Articles

Related Countries : Viet Nam, Thailand, Myanmar, Lao PDR, Cambodia
Related Experiences : Cruise, Rivers & Lakes

25 September 2017 | by ASEAN Tourism

Travelers Talk Back: Cruising Southeast Asia's Mightiest Rivers

Bue Paya on the Mekong, Bagan, Myanmar. Image courtesy of Mike Aquino.

As more travelers take notice of Myanmar, Cambodia, Vietnam, Thailand and Laos, a growing number have taken to their rivers – and their accompanying opportunities for adventure.

Southeast Asia's civilizations were born on the shores of their rivers. It's hard to imagine Yangon or Bagan without the Irrawaddy, or Luang Prabang without the Mekong. Visit any of the region's largest cities, and you'll find a cruise ship ready to sail you downriver to some of the region's finest landscapes.

Two major river systems in Southeast Asia – the Irrawaddy that runs down most of Myanmar, and the Mekong that winds through Vietnam, Cambodia, Thailand and Laos – now serve as the backbones of cruise itineraries that last between two days and two weeks.

The most popular northern Mekong River expeditions depart from Houei Xai on the border between Laos and Thailand, while Mekong Delta cruises depart from Ho Chi Minh City in Vietnam. Irrawaddy River cruises cast off from Bagan or Mandalay in Myanmar, sometimes going north as far as Bhamo near the border with China.

Mekong on the Pakbeng, Laos. Image © worldsurfr/Creative Commons

Mekong River: Lifeblood of Indochina

At 4,350 km in length, the Mekong touches most of Southeast Asia's mainland countries in its long journey from the Tibetan plateau to its Delta draining into the South China Sea. 

The Southeast Asian stretch of the Mekong is not completely navigable – the mighty Khone Phapheng waterfalls in Laos blocks the way for boats – but cruises regularly take to the river on either side of the barrier.

North of Khone Phapheng, for instance, a popular short cruise depart from Houei Xai on the border between Thailand and Laos, taking a leisurely two days' trip that stops at Pakbeng for the first night, then terminates at Laos' cultural capital Luang Prabang.

Travel blogger Edgar Alan Zeta-Yap took on the more significant half of this two-day itinerary a few months back. "We started from the middle point, Pakbeng, so our cruise was only one full day," he explains. "We still spent one night in Pakbeng, in a really nice riverside resort along the Mekong River."

Pakbeng is more commonly known as a stepping stone to Luang Prabang, but this unassuming riverside settlement has its own charms. "It's a very small town, a very quiet town," Edgar tells us. "We went to the main town center, a half hour walk from the resort, to watch the monks collect alms."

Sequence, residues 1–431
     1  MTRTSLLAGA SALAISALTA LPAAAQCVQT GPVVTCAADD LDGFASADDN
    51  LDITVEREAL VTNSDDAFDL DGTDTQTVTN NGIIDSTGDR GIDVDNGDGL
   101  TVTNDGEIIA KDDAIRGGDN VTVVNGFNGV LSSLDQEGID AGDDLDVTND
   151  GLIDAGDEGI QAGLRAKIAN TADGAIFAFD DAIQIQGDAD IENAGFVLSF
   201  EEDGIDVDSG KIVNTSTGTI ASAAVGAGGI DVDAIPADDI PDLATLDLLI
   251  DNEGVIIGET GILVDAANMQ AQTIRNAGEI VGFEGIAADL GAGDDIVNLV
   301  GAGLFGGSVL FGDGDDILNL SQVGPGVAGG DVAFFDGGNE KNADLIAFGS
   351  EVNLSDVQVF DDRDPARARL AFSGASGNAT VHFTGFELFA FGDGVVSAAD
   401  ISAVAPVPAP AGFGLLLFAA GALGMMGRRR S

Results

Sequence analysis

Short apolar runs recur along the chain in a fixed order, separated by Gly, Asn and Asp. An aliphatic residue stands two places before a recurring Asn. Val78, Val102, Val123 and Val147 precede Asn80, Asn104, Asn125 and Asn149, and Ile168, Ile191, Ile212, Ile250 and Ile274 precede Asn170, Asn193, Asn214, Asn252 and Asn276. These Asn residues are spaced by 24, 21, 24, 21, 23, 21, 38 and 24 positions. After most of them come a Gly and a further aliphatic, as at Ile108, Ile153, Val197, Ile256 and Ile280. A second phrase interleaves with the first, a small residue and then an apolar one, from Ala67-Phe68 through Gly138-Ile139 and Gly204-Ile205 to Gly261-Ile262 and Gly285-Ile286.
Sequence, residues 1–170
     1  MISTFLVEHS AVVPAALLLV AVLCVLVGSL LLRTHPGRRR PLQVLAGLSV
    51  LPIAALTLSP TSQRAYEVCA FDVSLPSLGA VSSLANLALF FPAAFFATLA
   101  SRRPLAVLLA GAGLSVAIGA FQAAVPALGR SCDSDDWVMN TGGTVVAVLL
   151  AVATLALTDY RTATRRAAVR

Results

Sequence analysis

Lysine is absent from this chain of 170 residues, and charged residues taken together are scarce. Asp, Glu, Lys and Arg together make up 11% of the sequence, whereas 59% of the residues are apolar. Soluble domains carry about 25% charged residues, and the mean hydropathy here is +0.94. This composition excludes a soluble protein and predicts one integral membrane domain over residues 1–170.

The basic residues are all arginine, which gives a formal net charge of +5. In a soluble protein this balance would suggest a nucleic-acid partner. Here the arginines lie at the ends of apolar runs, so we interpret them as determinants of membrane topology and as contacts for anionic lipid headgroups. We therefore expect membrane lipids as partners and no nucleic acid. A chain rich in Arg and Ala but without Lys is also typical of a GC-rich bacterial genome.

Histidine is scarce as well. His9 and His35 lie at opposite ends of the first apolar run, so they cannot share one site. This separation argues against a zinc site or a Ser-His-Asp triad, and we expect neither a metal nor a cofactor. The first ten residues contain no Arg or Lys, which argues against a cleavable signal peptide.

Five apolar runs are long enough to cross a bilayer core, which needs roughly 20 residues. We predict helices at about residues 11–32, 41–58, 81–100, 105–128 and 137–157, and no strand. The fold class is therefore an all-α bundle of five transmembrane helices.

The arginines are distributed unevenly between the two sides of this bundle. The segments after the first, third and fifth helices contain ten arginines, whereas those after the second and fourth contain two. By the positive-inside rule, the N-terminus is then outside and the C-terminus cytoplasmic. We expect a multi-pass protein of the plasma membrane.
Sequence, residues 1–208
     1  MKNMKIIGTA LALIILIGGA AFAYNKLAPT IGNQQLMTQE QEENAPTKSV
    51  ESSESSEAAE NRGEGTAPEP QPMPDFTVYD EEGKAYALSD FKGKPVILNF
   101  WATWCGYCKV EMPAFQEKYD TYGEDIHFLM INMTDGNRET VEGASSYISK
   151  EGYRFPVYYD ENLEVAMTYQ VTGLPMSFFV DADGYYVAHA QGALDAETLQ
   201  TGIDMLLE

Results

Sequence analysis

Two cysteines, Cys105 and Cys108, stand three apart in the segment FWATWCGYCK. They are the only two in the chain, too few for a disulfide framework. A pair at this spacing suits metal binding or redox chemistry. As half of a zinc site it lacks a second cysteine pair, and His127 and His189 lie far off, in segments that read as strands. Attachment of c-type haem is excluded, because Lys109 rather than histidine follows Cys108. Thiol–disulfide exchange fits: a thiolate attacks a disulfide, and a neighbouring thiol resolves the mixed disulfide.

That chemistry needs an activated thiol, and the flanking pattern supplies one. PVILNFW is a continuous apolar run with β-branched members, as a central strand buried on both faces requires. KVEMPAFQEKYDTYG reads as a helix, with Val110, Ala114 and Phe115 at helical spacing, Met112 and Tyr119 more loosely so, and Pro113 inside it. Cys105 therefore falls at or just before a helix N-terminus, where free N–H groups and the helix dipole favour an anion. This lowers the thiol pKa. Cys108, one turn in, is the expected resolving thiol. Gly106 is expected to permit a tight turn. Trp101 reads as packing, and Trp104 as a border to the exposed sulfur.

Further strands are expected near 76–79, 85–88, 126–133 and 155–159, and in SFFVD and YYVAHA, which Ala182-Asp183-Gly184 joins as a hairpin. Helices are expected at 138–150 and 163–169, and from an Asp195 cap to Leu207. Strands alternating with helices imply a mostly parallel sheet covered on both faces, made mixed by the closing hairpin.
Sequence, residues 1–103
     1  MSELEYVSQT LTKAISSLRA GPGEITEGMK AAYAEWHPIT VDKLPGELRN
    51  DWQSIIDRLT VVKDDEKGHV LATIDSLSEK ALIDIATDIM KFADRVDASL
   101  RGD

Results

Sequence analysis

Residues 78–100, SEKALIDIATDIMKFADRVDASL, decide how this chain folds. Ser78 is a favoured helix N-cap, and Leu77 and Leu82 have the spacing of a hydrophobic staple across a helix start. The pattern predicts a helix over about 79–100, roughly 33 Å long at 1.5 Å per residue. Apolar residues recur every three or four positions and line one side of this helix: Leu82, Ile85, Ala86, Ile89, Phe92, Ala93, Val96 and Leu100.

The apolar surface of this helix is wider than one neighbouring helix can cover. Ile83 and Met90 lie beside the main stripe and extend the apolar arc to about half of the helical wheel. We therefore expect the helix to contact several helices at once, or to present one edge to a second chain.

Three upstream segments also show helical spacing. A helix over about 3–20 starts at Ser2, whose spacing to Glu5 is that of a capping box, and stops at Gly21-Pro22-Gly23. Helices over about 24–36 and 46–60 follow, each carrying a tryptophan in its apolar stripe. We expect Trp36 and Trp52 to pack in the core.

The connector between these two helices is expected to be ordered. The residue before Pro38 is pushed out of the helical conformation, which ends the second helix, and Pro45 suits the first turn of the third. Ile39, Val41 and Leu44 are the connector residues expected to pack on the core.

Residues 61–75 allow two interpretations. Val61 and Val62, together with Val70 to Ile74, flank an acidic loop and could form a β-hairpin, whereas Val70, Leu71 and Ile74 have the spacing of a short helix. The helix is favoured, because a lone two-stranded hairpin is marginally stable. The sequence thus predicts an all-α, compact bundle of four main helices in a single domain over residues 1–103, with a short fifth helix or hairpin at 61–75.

The riverside resorts in Pakbeng reflect the down-home charm of the Lao countryside. "[We all] had our own cottages, it was all wood so it really felt so rustic," Edgar explains. "When we opened the windows, there was a nice view of the Mekong River right below.

"And it's set in a really lush garden, the bungalows are very spread out," he continues. "It's actually very romantic! If you're going on a honeymoon, [this cruise is] a very suitable activity for that."

Sundown on the Mekong, near Luang Prabang, Laos. Image © Glenna Barlow/Creative Commons

Departing at 8am the next day, Edgar sat in cozy comfort on a single-decked river boat, with facilities that included lounging areas, toilets, and a buffet table. Along the way, the boat made two stops.

First, says Edgar, "was the weaving village [where] we stayed for an hour and a half... We went there to see the traditional handloom weaving of the Lao tribes." The tribes in the village sell traditional hand-woven fabrics. 

Later in the afternoon, the boat stopped at Pak Ou Caves - "it's a shrine that was established in the 15th century," he explains. "It's called the Cave of a Thousand Buddhas, because people would go there and leave Buddhas of different sizes."

The scenery between Pakbeng and Luang Prabang is perhaps the river cruise's top attraction – distilling the natural charms and the quiet cultural murmur of the Lao countryside. "Going by river, it matches the old world atmosphere of Luang Prabang," Edgar tells us. "That's how people went to Luang Prabang, that's how dignitaries and traders went to visit the kingdom. Most of their major temples are also by the river, allowing people to just drop by and climb up the riverbank."